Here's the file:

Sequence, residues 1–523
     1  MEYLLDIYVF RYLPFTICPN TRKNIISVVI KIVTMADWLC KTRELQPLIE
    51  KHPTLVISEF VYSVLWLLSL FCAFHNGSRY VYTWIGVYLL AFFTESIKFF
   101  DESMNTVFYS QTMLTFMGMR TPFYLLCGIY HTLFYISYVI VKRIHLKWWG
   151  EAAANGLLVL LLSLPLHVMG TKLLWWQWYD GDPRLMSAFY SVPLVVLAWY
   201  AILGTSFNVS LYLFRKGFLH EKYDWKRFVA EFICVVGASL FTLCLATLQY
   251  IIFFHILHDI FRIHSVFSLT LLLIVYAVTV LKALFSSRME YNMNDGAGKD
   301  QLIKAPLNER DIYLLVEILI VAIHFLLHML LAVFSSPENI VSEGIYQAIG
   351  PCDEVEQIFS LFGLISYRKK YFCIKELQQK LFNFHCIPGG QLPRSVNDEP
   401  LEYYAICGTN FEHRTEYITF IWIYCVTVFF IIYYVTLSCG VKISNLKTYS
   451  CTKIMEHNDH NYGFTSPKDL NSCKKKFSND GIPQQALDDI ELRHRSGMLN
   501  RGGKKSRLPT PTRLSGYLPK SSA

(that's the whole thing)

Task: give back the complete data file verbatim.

Sequence, residues 1–523
     1  MEYLLDIYVF RYLPFTICPN TRKNIISVVI KIVTMADWLC KTRELQPLIE
    51  KHPTLVISEF VYSVLWLLSL FCAFHNGSRY VYTWIGVYLL AFFTESIKFF
   101  DESMNTVFYS QTMLTFMGMR TPFYLLCGIY HTLFYISYVI VKRIHLKWWG
   151  EAAANGLLVL LLSLPLHVMG TKLLWWQWYD GDPRLMSAFY SVPLVVLAWY
   201  AILGTSFNVS LYLFRKGFLH EKYDWKRFVA EFICVVGASL FTLCLATLQY
   251  IIFFHILHDI FRIHSVFSLT LLLIVYAVTV LKALFSSRME YNMNDGAGKD
   301  QLIKAPLNER DIYLLVEILI VAIHFLLHML LAVFSSPENI VSEGIYQAIG
   351  PCDEVEQIFS LFGLISYRKK YFCIKELQQK LFNFHCIPGG QLPRSVNDEP
   401  LEYYAICGTN FEHRTEYITF IWIYCVTVFF IIYYVTLSCG VKISNLKTYS
   451  CTKIMEHNDH NYGFTSPKDL NSCKKKFSND GIPQQALDDI ELRHRSGMLN
   501  RGGKKSRLPT PTRLSGYLPK SSA